|Authors: ||G.K. Panicker, C.A. Sims, J.M. Spiers, J.L. Silva, F.B. Matta|
|Keywords: ||rabbiteye blueberry, organic manures, anthocyanins, nitrate-N, biomass development, pine needle, pine bark|
Blueberries are one of the richest sources of antioxidant phytochemicals, having a high level of anthocyanins.
Anthocyanins are phenolic compounds that posses antioxidant activities.
Rabbiteye blueberry (Vaccinium ashei Reade var.
Tifblue) was grown on Memphis Silt Loam soil (Typic Hapludalf, silty, mixed, thermic). Two organic manure treatments (worm castings and cow manure) were applied in basins around each plant.
The control treatment received regular inorganic fertilizer.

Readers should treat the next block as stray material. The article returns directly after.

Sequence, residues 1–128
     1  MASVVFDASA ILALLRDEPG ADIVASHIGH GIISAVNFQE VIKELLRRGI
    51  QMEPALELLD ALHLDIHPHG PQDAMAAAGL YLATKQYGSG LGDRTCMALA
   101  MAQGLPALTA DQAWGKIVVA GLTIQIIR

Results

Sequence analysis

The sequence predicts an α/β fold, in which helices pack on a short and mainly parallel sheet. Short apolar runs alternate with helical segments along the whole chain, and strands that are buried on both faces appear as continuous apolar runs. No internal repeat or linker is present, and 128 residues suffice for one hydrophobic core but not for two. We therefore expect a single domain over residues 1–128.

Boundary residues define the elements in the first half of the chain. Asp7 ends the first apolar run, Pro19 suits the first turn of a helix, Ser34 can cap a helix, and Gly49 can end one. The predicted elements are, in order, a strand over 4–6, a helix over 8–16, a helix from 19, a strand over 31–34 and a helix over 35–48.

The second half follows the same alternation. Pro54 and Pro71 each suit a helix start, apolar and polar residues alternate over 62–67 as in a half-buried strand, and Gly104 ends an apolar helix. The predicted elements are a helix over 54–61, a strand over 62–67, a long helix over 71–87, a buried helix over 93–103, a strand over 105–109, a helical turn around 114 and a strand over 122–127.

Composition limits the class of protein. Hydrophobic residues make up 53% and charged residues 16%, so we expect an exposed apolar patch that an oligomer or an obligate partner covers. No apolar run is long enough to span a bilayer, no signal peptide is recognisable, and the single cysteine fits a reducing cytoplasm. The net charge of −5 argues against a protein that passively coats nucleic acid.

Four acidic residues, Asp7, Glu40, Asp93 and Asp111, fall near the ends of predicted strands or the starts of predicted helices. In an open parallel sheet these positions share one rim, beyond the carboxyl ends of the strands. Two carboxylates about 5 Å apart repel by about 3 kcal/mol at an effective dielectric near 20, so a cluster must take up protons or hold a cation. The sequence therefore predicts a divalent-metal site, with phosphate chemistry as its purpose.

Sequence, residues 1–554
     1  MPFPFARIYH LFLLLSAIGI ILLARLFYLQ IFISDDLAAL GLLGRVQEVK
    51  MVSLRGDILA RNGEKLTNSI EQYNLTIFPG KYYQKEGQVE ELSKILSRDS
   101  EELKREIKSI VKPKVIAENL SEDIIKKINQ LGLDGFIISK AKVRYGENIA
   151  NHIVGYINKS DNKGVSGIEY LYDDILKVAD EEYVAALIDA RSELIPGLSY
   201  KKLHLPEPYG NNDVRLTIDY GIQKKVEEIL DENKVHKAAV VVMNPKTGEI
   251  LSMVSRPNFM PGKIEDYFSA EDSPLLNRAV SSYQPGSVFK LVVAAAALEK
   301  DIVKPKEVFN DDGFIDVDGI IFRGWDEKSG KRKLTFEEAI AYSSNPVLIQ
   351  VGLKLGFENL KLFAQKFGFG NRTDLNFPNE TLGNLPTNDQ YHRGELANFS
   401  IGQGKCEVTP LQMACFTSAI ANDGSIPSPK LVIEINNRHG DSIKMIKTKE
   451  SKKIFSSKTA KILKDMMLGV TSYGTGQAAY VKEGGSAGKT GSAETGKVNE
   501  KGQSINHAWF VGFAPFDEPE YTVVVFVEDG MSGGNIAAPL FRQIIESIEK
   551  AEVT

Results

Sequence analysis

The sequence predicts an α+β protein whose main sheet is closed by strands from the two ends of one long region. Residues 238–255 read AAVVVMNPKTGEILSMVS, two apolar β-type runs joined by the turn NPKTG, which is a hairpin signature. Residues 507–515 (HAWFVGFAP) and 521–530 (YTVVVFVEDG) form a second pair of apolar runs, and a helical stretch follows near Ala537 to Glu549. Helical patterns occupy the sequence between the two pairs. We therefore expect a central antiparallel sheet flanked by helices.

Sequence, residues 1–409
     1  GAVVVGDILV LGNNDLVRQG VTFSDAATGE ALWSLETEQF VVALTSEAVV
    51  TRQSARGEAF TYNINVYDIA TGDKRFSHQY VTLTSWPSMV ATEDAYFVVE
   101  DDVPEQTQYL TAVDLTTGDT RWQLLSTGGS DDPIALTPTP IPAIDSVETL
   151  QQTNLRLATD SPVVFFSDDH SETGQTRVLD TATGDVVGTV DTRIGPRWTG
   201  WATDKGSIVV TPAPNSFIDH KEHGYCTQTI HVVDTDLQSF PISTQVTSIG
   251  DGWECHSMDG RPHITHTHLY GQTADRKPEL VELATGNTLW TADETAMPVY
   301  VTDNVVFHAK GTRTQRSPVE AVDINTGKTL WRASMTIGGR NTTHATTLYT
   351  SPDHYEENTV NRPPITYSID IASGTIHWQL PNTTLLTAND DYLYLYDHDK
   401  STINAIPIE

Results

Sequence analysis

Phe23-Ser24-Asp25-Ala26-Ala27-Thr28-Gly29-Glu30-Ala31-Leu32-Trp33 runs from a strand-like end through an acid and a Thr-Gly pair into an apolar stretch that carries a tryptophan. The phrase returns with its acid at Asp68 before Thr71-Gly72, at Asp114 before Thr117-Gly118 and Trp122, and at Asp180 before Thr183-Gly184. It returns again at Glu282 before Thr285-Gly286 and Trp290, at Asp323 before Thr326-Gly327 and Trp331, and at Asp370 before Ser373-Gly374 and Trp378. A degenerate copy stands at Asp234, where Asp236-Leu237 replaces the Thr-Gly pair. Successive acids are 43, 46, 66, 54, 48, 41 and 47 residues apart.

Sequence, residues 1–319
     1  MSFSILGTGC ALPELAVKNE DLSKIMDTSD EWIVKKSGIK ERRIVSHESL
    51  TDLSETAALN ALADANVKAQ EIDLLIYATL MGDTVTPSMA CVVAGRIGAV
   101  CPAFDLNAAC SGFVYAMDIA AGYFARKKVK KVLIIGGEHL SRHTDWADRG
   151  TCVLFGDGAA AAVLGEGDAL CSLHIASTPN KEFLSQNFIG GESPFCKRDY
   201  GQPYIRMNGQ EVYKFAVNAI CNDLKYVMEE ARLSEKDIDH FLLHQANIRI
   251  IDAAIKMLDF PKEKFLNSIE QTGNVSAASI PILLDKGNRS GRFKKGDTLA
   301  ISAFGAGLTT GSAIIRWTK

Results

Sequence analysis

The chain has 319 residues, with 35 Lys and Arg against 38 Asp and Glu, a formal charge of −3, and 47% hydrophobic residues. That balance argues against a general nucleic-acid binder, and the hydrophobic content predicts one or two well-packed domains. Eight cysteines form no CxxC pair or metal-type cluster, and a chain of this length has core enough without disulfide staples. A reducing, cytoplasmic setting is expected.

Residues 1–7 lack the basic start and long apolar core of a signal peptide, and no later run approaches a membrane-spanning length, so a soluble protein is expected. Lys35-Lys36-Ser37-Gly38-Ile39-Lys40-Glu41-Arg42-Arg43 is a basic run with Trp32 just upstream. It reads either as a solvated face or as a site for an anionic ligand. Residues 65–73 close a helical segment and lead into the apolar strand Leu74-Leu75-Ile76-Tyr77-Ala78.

All treatments received pine bark and pine needle uniformly, and no chemicals were applied to control pests, diseases, and weeds.
Percent canopy cover, canopy width and height, stem diameter, and yield were significantly higher in organic plants treated with worm castings.
There was no significant difference in size, diameter, degree Brix, and vitamin C of the fruit, but the content of total anthocyanins was higher in fruit treated with worm castings.
There was no difference in microbial load and no pathogens were found in the fruit.
Concentrations of nitrate-N and P were higher in surface soils treated with organic manures, but there was no trend in N or P enrichment in lower layers of the soil.
The leaching of N and P into subsurface layers from inorganic fertilizer was highly significant.
Blueberry can be grown successfully on heavy soils with forest waste that can maintain soil acidity and worm castings increases yield and fruit quality of this crop.
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